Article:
Even seem­ing­ly inno­cent items like Inter­net-con­nect­ed smart” toys and baby mon­i­tors can pose a pri­va­cy risk to even the youngest chil­dren because of the infor­ma­tion they gath­er and the typ­i­cal­ly lim­it­ed secu­ri­ty mea­sures they have in place. 

Be care­ful about what con­nect­ed devices you choose for your child and what you let them use. Buy tra­di­tion­al baby mon­i­tors instead of Wi-Fi enabled ver­sions. Give your kids toys that don’t rely on an Inter­net or Blue­tooth connection. 

When your chil­dren are young, try to lim­it their toys to those that are specif­i­cal­ly made for chil­dren ver­sus phones and tablets. You can always grad­u­al­ly intro­duce devices with more capa­bil­i­ties over time, but it’s hard­er to take them away than to with­hold them in the first place.

Be Smart About Passwords

Bet­ter online safe­ty starts with bet­ter pass­words and it’s impor­tant to devel­op these good habits ear­ly. In a study of the most com­mon­ly hacked pass­words, over 23 mil­lion accounts used the pass­word 123456.” Aston­ish­ing, right? If adults can’t be trust­ed to select pass­words that pro­tect their per­son­al infor­ma­tion, how can we expect our chil­dren to choose strong passwords?

There is a new data breach in the news near­ly every day, it seems. It’s becom­ing com­mon­place for our per­son­al infor­ma­tion, pass­words, and pro­files to get stolen and used for sin­is­ter pur­pos­es. Too many peo­ple (adults and chil­dren alike) use com­mon pass­words like birth­days, address­es, pets, or mid­dle names that a hack­er can eas­i­ly dis­cov­er and hack.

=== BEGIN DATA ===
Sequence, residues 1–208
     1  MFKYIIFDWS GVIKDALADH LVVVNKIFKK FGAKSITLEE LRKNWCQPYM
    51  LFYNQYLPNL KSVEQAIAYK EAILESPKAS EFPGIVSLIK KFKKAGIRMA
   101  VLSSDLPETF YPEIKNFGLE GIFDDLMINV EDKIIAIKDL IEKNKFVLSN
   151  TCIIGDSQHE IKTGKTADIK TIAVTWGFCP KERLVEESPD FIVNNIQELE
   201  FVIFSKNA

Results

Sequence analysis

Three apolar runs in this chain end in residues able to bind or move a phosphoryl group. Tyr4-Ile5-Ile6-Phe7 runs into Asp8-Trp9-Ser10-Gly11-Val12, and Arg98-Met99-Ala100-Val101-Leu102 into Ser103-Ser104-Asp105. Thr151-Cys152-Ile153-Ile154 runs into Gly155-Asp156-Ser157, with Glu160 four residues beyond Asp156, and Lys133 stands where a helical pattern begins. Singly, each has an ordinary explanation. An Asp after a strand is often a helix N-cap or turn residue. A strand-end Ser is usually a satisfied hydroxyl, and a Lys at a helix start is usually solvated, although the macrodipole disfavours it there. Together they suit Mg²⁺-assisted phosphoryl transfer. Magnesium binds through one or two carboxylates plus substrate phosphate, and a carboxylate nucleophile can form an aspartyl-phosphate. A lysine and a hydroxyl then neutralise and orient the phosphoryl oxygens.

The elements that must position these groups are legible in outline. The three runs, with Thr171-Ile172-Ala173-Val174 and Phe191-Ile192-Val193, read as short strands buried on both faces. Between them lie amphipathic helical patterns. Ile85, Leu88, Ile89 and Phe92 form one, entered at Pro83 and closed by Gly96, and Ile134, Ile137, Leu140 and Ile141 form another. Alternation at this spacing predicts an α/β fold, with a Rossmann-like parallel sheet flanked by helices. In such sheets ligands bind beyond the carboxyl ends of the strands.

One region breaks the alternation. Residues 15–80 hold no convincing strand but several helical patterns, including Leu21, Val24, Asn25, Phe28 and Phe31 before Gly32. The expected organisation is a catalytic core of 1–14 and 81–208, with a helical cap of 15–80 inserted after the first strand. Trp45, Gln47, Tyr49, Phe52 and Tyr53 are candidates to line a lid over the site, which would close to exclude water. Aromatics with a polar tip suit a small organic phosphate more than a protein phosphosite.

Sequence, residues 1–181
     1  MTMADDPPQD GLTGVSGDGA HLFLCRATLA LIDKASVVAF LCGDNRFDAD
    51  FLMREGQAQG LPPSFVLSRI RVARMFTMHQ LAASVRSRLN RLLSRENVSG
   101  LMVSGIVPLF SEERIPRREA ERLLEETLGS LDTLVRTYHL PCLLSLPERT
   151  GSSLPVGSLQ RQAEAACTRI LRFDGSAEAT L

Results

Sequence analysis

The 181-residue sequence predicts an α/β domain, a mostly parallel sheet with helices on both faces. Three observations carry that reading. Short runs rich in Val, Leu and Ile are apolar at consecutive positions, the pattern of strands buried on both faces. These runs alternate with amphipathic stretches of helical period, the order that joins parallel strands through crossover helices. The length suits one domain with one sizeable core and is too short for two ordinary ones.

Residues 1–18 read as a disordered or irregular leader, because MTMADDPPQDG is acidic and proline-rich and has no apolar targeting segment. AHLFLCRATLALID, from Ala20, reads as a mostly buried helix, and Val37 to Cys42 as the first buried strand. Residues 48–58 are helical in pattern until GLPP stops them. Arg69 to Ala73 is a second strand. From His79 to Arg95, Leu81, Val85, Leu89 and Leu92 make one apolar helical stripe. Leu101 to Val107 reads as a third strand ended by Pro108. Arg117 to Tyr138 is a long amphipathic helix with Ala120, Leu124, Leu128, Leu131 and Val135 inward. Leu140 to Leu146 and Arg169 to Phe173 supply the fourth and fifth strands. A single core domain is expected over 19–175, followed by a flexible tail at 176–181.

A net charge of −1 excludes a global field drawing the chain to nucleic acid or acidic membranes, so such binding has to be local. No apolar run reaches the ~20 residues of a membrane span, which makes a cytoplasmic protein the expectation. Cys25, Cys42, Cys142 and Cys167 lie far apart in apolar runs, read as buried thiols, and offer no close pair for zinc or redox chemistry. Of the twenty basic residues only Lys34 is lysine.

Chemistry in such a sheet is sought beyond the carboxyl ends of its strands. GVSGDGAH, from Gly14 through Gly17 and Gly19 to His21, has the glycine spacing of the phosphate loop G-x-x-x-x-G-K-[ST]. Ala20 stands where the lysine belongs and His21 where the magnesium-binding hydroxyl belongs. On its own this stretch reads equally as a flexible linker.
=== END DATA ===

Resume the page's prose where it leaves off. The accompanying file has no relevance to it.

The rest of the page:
Encour­age your chil­dren to use good pass­word habits (dif­fer­ent pass­words for each site, com­plex pass­words, no com­mon words or words/​dates with per­son­al con­nec­tions) that will increase their Inter­net safe­ty now and well into the future.

Use Parental Controls

As com­pa­nies release bet­ter and more com­pre­hen­sive parental con­trols for Inter­net devices, take the time to learn how they work and how to keep your kids from bypass­ing them. Parental con­trols aren’t per­fect, but they can help pro­tect your child’s dig­i­tal well­be­ing by mak­ing sure they are only using apps and con­tent that are suit­able and age appropriate.

Don’t for­get about con­trols for dig­i­tal voice assis­tants like Siri and Alexa, as well as video game con­soles and oth­er con­nect­ed devices. Any device that con­nects to the Inter­net pos­es a poten­tial risk to your child’s pri­va­cy and online safe­ty. The best defense is a good offense.

Have Conversations Early and Often

It’s nev­er too ear­ly to start think­ing about your child’s dig­i­tal foot­print and how to pro­tect it. Talk to your chil­dren about avoid­ing and report­ing neg­a­tive behav­iors like cyber­bul­ly­ing and dig­i­tal stalk­ing. Remind them that any­thing they post will live on some­where on the Inter­net, so they should think care­ful­ly before post­ing any­thing — no mat­ter how mun­dane it seems at the time. 

Above all, lead by exam­ple and show your kids what dig­i­tal respon­si­bil­i­ty looks like. As your chil­dren get old­er, revis­it the con­ver­sa­tion as it per­tains to their stage in life. Whether they thank you or not when they are adults, tak­ing an active and inter­est­ed role in their dig­i­tal activ­i­ties can only pro­tect them from future regret.